The Capital of North Korea, Pyongyang, was essentially re-built from scratch after being devastated in the Korean War. Literally meaning "flat land", it is the biggest city in North Korea with over 3 million people living there.
Luckily our group sizes tend to be fairly small with an average of less than 10 members per group and we believe that this allows for greater interaction with locals.
Pyongyang is located in a flat area of the DPRK, remember that about 83% of the country is mountainous, about 50 kilometres east from the west coast of Korea.
Pyongyang is one of the oldest cities on the Korean peninsula. It was capital of the Kojoson and Koguryo dynasties, the first ancient states in Korea.
The city was made a main industrial hub during Japanese colonisation but severely destroyed during the Korean War. When going to the Korean War Museum in Pyongyang you will be explained that the number of bombs dropped on Pyongyang was equal to the number of the city's inhabitants.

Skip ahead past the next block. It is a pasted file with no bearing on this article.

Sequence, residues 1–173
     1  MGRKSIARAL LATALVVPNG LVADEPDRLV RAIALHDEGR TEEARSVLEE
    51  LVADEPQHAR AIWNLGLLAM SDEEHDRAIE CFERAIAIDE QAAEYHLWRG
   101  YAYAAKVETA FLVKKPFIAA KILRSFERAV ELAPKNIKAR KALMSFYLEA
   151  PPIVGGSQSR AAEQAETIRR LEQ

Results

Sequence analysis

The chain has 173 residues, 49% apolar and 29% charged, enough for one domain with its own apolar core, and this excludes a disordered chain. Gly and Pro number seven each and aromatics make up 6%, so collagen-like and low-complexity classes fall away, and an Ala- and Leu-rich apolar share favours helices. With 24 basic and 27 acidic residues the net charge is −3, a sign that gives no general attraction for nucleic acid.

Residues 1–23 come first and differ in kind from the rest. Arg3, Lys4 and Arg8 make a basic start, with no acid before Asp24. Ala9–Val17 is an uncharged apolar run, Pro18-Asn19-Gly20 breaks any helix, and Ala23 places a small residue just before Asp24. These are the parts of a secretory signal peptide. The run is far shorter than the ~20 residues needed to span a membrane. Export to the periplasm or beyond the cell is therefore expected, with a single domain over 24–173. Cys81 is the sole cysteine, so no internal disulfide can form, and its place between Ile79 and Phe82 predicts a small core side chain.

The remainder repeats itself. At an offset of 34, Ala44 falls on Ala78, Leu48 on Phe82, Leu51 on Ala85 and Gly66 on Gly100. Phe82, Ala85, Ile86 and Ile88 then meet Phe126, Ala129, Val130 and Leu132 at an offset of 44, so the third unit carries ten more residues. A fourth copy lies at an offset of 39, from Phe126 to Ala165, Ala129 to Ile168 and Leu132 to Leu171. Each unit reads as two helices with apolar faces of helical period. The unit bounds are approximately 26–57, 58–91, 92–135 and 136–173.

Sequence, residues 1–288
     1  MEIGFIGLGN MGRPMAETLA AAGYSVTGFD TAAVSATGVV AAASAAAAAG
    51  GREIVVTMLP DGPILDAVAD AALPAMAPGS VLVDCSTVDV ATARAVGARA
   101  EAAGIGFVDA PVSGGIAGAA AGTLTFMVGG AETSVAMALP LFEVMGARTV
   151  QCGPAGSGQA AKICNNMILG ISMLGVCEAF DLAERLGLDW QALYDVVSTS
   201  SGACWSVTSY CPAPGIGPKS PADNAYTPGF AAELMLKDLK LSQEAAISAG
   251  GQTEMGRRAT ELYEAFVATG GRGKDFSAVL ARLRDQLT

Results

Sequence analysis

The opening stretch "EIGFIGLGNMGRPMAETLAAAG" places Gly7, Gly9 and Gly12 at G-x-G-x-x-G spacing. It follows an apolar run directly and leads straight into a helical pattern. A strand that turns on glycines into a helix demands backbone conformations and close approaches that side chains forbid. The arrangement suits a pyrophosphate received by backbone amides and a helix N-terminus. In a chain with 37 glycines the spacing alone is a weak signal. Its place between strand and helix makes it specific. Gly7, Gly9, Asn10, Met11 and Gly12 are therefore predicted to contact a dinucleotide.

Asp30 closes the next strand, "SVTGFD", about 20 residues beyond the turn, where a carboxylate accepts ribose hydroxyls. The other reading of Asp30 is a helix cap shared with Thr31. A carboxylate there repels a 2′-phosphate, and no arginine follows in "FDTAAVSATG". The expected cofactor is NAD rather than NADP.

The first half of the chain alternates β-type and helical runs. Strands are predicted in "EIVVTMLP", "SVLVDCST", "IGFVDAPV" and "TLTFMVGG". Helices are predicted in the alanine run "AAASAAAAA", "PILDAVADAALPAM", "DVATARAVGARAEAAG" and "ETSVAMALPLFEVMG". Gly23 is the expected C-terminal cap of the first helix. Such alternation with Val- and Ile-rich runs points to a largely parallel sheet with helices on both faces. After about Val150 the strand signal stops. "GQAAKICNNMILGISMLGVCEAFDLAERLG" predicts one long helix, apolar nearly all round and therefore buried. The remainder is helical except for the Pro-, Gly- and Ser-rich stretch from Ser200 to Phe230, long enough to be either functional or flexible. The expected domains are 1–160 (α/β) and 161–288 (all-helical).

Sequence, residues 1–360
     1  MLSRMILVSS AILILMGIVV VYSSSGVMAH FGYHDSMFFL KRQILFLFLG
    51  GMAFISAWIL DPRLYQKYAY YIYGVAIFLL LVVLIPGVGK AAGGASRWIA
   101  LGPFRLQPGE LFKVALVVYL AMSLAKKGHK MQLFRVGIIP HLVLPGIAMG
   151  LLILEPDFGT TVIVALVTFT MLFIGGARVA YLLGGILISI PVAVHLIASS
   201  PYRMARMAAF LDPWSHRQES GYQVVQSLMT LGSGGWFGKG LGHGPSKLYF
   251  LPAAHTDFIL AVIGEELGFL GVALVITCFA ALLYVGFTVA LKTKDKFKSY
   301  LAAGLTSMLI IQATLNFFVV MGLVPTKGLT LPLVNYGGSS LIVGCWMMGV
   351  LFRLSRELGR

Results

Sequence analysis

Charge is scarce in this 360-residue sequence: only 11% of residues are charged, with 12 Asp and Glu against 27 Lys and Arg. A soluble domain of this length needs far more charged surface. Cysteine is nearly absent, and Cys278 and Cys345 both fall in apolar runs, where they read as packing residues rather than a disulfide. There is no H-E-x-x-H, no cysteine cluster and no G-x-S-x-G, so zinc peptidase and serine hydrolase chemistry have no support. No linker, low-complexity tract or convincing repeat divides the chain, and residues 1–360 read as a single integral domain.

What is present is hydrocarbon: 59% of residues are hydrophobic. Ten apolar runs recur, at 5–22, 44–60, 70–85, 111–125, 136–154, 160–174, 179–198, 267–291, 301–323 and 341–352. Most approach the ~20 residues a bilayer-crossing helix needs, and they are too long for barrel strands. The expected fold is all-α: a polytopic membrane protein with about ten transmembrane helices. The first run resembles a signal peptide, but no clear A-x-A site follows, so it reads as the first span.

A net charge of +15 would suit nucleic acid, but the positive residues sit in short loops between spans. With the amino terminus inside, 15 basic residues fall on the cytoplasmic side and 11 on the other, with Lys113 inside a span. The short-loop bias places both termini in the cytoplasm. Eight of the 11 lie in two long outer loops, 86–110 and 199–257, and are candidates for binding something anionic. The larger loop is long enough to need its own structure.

Pyongyang was rebuilt at what is known as Chollima Speed.
A visit to the capital of North Korea is described by many as a mind blowing experience as are too trips to other areas of the DPRK.
Ladies cheering on people going to work in the morning, Pyongyang
Traffic in Pyongyang, winter 2012
The city consists of wide avenues, grandiose monuments and soviet styled monolithic buildings now blended with futuristic looking high rise buildings, all of which reflect the unique system of the DPRK.
Commercial billboards and advertisements give way to political slogans and propaganda posters. Trucks packed with KPA soldiers chanting patriotic songs reflect the military nature of the state and parade rehearsals either by soldiers or civilians are a common sight, showing the country's emphasis on the collective over the individual.
But it does have many other aspects to it that we will explore below!
The past few years have witnessed a boom in the construction industry in Pyongyang which has literally changed the architectural landscape of the city.